Republicans Issue Statements Against Ranked Choice Voting After Alaska Election

Republicans Issue Statements Against Ranked Choice Voting After Alaska Election
House candidate, former Alaska Gov. Sarah Palin, speaks at the Conservative Political Action Conference CPAC held at the Hilton Anatole in Dallas on Aug. 4, 2022. (Brandon Bell/Getty Images)
Katabella Roberts

Republican lawmakers have taken aim at the ranked choice system used in Alaska after former governor Sarah Palin lost to Democrat Mary Peltola on Wednesday in a special election.

Peltola, a former state lawmaker, defeated Palin by three percentage points at 51.47 percent to fill Alaska’s only U.S. House seat. Palin received 48.53 percent.

The results mean that Peltola will finish the remainder of the term of Republican Rep. Don Young (R-Alaska), whose seat was left vacant after died in March this year. Young’s term expires at the end of this year.

However, GOP lawmakers took to social media this week to slam the voting system used in the election, with some calling it a “scam” that “disenfranchises voters.”

“Ranked-choice voting is a scam to rig elections,” Sen. Tom Cotton (R-Ark.) wrote on Twitter after Wednesday’s results. “60% of Alaska voters voted for a Republican, but thanks to a convoluted process and ballot exhaustion—which disenfranchises voters—a Democrat ‘won.’”
Republican National Committee (RNC) national press secretary Emma Vaughn said in a statement to The Hill that the Alaska special election results “prove what we’ve known all along—ranked-choice voting disenfranchises voters.”
“Our Republican nominees earned nearly 60% of Alaskans’ votes on the ballot, and now every single one of those voters lost their voice to choose their representative in Congress. Alaskans deserve an equal and fair process, two things this special election were not,” Vaughn said.

‘System is Convoluted, Confusing’

The voting system used in Alaska allows voters to list candidates in order of preference on the ballot. If a candidate wins more than 50 percent of the vote, he or she is declared the winner. If no candidate wins a majority of first-preference votes, then the candidate with the fewest first-choice votes is eliminated.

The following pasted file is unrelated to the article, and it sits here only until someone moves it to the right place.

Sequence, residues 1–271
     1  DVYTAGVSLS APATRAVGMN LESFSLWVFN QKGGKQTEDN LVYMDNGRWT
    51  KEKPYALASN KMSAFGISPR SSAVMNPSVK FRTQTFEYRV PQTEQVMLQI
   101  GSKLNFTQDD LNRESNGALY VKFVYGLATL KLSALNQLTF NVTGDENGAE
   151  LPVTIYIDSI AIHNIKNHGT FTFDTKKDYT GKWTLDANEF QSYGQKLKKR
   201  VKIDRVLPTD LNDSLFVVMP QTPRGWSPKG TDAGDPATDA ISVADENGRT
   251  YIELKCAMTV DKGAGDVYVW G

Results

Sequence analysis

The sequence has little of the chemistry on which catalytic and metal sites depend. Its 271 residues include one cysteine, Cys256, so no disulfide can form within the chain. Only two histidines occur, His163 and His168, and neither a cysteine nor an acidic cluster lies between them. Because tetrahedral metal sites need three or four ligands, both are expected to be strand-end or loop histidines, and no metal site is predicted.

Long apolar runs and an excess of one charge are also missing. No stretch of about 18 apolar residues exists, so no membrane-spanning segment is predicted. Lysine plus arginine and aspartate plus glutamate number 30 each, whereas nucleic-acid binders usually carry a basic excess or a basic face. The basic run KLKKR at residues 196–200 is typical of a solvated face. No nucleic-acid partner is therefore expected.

Wednesday marked the first time that Alaskans used the ranked-choice system after voting to adopt it in 2020.

According to the Alaska Division of Elections’ official website, the system “ensures your vote will go toward your second, third, fourth, or fifth choice if your top choice is eliminated, giving you more voice in who wins.”
Elsewhere, Palin herself also criticized the system after Wednesday’s loss, saying in a statement that it was a “mistake” that was initially “sold as the way to make elections better reflect the will of the people” but that this was simply not true.
“The people of Alaska do not want the destructive democrat agenda to rule our land and our lives, but that’s what resulted from someone’s experiment with this new crazy, convoluted, confusing ranked-choice voting system,” she said. “It’s effectively disenfranchised 60% of Alaska voters.”

‘Gives All Americans a Voice’

Rep. Adam Kinzinger (R-Ill), responding to Cotton’s tweet that the system is a “scam” said: “Ranked choice voting gives all Americans a voice and not the extremes of a party. So you'd be outta luck. No wonder you don’t like it.”
Former Michigan Rep. Justin Amash tweeted, “The problem for the Republican Party in Alaska wasn’t ranked-choice voting; it was their candidates. Requiring a candidate to get more than 50% to be elected isn’t a scam; it’s sensible. Let’s get ranked-choice voting everywhere.”

But Tyler Bowyer, an RNC national committeeman from Arizona, told The Hill that he will be leading a resolution for the RNC to formally oppose the system at the RNC’s next winter meeting in 2023.

A number of cities, counties, and states, 55 in total, are currently weighing up implementing ranked-choice voting in various elections, according to Fair Vote.

Palin is still set to run against Peltola and Republican Nick Begich again in the November general election to decide who will serve a full two-year term in the House.

Mimi Nguyen Ly contributed to this report.